Leaf Bay ready to claim highest tides

Too close to call, DFO says



Nunavik is set to claim the title of world’s highest tide from the Bay of Fundy — even though the Department of Fisheries and Oceans insists the race is too close to declare an official winner.

The Nunavik Tourism Association said it would issue a press release this week confirming a 16.1-metre tidal measurement at Leaf Bay, which lies just outside of Tasiujaq.

The measurement, taken on March 31, 2002, is one centimeter taller than the highest ever recorded at the Bay of Fundy.

According to the Guinness Book of World-Records, the world record tide measured in at 16 metres at the Bay of Fundy in 1960.

Allen Gordon, executive director of Nunavik’s Tourist Association, said he received a letter from the Department of Fisheries and Oceans confirming the Tasiujaq high tide “as extreme.”

But the Bay of Fundy coast, shared by Nova Scotia and New Brunswick, has long claimed the title of the world’s highest tide and it doesn’t look like the DFO will hand the title to Nunavik any time soon.

“What they’re basically saying is it’s a tie with the Bay of Fundy. Though we have a record high tide recording here, they say the Bay of Fundy tides are generally higher over the year,” Gordon said.

Nunavik has been trying to wrestle the title away from Nova Scotia for several years. In 1998, Nunavik Tourism contracted an oceanographer to perform tidal measurements in the area. The scientist set up three submersible tidal gauges near Tasiujaq, Leaf River and Radisson Island.

Though the tourism association said it had a record-breaking reading after the tests, nothing ever came of the announcement.

Ron Solvason, regional tidal officer for the DFO’s Canadian Hydrographic Service, said it is almost inevitable for debate to arise over the designation. In fact, he reported the Leaf Bay tidal measurement as 16.2 metres.

Many elements affect the precision of a tidal measurement, he said, including the accuracy of the instruments used.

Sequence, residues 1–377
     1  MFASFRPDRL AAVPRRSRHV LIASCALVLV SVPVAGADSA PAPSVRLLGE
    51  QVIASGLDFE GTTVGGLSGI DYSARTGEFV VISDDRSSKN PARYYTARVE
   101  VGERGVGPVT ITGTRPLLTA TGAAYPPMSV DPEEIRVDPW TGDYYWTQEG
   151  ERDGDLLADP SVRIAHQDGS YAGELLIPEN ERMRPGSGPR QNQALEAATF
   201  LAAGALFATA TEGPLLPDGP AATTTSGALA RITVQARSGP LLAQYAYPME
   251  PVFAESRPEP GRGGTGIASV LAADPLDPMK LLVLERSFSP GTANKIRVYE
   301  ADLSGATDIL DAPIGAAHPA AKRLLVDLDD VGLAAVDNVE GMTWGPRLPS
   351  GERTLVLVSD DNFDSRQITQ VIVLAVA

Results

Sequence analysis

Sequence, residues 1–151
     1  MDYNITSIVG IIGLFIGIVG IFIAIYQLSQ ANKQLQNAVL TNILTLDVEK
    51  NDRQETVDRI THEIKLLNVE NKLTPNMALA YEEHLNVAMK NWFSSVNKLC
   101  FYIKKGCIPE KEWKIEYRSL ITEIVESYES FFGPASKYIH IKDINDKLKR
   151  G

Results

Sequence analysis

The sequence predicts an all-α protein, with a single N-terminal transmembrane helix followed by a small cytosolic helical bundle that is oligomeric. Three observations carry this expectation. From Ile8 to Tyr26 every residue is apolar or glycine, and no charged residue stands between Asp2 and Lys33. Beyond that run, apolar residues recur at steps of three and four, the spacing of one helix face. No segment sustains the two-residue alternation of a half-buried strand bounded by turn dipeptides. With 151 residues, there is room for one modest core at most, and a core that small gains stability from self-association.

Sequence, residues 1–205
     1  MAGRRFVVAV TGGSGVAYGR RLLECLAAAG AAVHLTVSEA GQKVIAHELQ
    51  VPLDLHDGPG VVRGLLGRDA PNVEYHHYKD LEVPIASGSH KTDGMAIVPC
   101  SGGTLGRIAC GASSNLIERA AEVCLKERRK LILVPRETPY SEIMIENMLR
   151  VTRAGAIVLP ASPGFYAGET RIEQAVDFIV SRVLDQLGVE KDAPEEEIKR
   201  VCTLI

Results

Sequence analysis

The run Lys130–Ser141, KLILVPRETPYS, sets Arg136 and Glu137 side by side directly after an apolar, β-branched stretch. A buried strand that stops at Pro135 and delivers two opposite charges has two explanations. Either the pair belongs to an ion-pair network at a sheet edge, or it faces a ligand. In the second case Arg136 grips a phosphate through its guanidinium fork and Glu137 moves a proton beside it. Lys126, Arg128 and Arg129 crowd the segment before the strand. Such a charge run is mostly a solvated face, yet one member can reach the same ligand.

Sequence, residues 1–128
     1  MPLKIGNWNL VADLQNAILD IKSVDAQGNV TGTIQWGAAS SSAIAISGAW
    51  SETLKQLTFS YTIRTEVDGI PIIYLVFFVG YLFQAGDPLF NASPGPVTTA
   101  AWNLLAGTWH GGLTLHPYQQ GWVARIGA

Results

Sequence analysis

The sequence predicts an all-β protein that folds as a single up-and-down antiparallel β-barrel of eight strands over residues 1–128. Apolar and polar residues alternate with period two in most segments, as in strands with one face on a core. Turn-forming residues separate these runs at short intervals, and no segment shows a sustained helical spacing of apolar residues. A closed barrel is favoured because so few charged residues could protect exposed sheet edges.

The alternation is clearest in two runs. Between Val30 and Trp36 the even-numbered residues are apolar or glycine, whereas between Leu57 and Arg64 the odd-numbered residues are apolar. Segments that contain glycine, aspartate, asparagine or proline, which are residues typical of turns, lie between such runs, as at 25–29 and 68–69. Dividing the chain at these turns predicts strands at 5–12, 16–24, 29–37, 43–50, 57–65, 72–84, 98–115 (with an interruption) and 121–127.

Tides at the Leaf and Fundy bays are calculated with the help of underwater gauges. The gauges rest on the sea floor and as the tide rises the gauges measure the amount of water pressure above them.

Scientists then take the maximum pressure above the gauge and convert that pressure into a tidal height measurement. The method is accurate to within 0.4 metres — but the range of error is greater than the difference between the Leaf Bay and Fundy measurements.

Which is why scientists prefer to look at the potential tidal range of an area over a length of time and not a single measurement, Solvason said.

Yet, in the fight between Leaf Bay and the Bay of Fundy, the results may always be too close to call.

“For all intents and purposes the maximum tidal ranges at the two bays are very comparable,” Solvason said. “We’re still looking at one more record but right now it looks like the range for Leaf Bay is 16.8 metres and the Bay of Fundy is 17.2 metres….”

Though the DFO may not strip the Bay of Fundy of its coveted title, the village of Tasiujaq has no qualms about taking the crown.

“The government that released the information on the Bay of Fundy spent too much money — probably trying to protect their people,” Willie Cain, the mayor of Tasiujaq, said this week. “But our Tasiujaq has a .1 higher measurement than the Bay of Fundy. We’ll be able to say, ‘We hold the title for the highest tide.’”

Cain said having the title will help develop Tasiujaq’s economy, and the village is already considering how to market the natural wonder.

“The Qallunaat have an appetite for visiting places of significance so we can expect more tourism,” Cain said.

And what is good for Tasiujaq is great for Nunavik as a whole, Gordon said.

“It’s another attraction for the region. It’s like having the world’s largest caribou heard, or having Crater Lake, which is the world’s clearest lake,” Allen said. “So if someone says what’s up there? We have a list of things.”

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